The lyceum movement sprung up as a result of the Industrial Revolution, and originated in Scotland, where Dr. George Birbeck delivered lectures and scientific demonstrations to a Glasgow audience of young mechanics(2). Early in the nineteenth century, the movement spread to France, then the United States(2).
In the U.S., several factors were paving the way for the lyceum movement. First, Cotton Mathers religious discussion groups set up the idea of a public forum for intellectual discussion(2). Also, Ben Franklin founded his famous Junto in Philadelphia, which Franklin called a "club of mutual improvement(2)." The official opening of the Erie Canal in 1825 helped the Lyceum Movement thrive; the canal became a major commercial waterway, and towns that sprung up in the area became economic hotspots(3). As the canal population grew, so did their desire for culture and education(3). Finally, the election of Andrew Jackson brought about the "Era of Jacksonian Democracy," and recently enfranchised blue-collar workers thirsted for knowledge that would help them use their new political power wisely(4).
The lyceum movement was conceived by Josiah Holbrook in New England in the 1820s(1). Holbrook, born in Derby, Connecticut, and graduated from Yale in 1810, became a traveling lecturer who first spoke on science and technology, then formed industrial and agricultural schools for young men(4). In 1826 in Massachusetts Holbrook set up the first lyceum, the "Millsbury Branch, Number 1, of the American Lyceum(1)." Holbrook intended the lyceum to be a local study group which met at weekly intervals(4). He based his lyceums on the belief that education should continue all through life, regardless of age and gender, and that learning helps stave off the temptation of alcohol(1).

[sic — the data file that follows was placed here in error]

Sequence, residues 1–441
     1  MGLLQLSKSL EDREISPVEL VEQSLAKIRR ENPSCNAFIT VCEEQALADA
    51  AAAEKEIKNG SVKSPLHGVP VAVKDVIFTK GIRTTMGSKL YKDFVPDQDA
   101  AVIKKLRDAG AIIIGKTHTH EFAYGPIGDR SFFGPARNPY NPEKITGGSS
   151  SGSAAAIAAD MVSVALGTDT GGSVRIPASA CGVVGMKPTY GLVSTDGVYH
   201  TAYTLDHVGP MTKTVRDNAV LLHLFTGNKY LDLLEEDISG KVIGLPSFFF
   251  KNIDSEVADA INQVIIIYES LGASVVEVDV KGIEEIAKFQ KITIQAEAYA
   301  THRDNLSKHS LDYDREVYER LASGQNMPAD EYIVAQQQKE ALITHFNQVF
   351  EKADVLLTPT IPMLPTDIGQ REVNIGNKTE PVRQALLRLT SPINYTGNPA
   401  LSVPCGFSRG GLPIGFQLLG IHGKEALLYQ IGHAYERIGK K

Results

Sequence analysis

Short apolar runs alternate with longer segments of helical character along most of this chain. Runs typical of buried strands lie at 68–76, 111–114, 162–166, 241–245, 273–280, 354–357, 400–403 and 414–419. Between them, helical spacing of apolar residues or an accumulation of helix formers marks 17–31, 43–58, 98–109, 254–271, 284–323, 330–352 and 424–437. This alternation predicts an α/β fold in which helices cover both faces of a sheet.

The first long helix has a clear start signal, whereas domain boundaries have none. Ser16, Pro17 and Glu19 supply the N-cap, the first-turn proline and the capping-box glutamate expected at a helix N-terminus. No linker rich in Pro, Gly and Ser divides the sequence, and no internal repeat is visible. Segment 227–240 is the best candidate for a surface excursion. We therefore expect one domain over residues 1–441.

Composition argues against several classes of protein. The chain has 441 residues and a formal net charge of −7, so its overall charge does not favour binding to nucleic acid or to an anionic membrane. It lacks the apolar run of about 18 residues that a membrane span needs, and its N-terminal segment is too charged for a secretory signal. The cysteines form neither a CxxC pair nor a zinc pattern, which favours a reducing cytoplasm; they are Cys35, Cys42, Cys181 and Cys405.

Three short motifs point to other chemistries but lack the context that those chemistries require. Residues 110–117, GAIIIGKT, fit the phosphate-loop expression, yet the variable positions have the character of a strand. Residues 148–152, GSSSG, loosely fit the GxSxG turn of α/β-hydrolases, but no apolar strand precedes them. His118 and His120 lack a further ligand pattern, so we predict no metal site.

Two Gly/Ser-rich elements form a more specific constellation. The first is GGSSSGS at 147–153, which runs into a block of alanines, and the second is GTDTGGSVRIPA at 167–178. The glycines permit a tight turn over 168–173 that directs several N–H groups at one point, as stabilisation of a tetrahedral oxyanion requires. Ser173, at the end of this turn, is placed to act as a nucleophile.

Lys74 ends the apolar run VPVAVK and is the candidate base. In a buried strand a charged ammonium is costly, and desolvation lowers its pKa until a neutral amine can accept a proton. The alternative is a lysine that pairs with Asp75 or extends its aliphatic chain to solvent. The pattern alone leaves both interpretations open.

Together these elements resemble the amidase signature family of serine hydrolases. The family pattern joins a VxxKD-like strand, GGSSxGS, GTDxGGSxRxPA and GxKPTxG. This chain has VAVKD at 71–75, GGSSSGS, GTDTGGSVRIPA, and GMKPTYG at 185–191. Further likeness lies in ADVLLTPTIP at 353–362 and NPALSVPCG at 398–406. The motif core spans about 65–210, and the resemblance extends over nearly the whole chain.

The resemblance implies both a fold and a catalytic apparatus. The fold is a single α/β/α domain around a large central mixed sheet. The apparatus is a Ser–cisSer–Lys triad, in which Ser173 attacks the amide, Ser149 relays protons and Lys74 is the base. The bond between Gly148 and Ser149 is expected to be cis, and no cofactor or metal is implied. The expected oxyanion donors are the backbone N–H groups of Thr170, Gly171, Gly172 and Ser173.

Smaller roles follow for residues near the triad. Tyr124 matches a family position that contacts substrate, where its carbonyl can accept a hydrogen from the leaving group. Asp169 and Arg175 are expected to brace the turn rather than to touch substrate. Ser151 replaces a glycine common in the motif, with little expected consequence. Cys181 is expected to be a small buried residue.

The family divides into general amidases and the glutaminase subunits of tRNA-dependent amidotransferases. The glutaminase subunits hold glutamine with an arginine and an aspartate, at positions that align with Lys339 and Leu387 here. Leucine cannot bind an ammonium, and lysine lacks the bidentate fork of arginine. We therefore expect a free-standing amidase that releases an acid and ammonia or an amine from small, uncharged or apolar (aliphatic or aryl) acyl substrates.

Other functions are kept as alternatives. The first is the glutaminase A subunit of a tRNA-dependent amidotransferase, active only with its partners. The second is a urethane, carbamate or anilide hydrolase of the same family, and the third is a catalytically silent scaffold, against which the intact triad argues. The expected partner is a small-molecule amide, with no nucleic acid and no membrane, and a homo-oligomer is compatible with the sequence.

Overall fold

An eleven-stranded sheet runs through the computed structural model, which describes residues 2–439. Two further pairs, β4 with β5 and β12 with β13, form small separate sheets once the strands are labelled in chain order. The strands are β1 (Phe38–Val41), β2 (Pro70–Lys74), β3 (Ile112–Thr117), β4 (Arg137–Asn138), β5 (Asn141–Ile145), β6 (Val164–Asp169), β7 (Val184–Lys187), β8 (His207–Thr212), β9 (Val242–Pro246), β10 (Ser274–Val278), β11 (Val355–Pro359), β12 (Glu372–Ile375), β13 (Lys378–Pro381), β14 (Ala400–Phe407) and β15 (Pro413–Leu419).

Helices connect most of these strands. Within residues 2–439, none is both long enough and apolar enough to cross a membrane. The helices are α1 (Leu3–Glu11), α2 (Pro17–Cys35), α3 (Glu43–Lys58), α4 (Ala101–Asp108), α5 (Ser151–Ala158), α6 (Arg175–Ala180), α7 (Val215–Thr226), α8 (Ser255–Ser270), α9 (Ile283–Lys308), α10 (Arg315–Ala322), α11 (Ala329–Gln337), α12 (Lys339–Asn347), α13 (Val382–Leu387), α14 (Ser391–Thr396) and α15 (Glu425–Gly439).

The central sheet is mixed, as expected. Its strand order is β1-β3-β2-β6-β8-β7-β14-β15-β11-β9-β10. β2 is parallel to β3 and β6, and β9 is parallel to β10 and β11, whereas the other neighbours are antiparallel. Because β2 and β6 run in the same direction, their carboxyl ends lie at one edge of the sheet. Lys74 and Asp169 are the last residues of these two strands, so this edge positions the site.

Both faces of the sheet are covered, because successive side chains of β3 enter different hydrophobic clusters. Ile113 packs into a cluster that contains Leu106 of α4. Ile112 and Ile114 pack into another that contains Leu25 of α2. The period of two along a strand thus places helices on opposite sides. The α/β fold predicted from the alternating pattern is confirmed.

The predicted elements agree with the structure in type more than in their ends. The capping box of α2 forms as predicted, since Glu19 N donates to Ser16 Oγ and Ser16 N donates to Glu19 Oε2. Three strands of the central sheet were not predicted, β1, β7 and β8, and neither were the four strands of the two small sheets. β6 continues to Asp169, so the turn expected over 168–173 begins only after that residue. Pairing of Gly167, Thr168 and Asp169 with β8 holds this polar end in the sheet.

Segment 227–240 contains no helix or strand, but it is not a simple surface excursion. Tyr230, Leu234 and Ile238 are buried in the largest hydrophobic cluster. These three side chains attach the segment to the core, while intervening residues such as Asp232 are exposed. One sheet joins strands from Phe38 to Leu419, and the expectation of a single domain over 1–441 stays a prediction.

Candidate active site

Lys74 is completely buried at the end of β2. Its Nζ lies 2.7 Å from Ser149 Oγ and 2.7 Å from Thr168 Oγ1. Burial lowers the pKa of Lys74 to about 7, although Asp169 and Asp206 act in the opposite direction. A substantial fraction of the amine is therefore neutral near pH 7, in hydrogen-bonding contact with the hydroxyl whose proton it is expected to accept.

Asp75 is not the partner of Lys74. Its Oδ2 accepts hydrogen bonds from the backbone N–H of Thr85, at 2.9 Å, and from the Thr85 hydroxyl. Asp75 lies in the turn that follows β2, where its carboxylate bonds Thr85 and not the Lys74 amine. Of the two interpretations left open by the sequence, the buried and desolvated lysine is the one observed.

Besides the goal of education, lyceums also promoted the establishment of libraries, museums, and public schools(4). Holbrook and other lyceum devotees believed that universal, free education could right the illnesses of society, preserve democracy, and dissolve the oppressive caste system(4). Holbrook also envisioned a hierarchy of lyceums, the highest of which being the National American Lyceum, established in 1831(5). However, many local lyceums resisted the idea of state and national superiors, and the National Lyceum died after only eight years(5).
Most lyceum experts agree that the early days of lyceums, before the Civil War, were the most education-oriented(5). In these first days, the members of the lyceum took turns lecturing to each other and met in houses, churches, and schools(1). The lyceum movement multiplied rapidly, and in 1840 Horace Mann reported that Massachusetts alone contained 137 separate lyceums, each with an average attendance of more than 32,000(1).
Although lyceums flourished most in New England, by 1839 four to five thousand had popped up as far south as Florida and as far west as Detroit(1). The spread of lyceums was made possible by the U.S. Congress opening of huge tracks of land for settlement(3). Easterners flocked west and brought the lyceum movement with them(3). In the South, however, lyceum activity never caught on with the same fervor because southern aristocrats feared that education of poor whites and slaves would damage the economy(5). Also, the South lacked a large middle class, the main patronage of lyceums(5).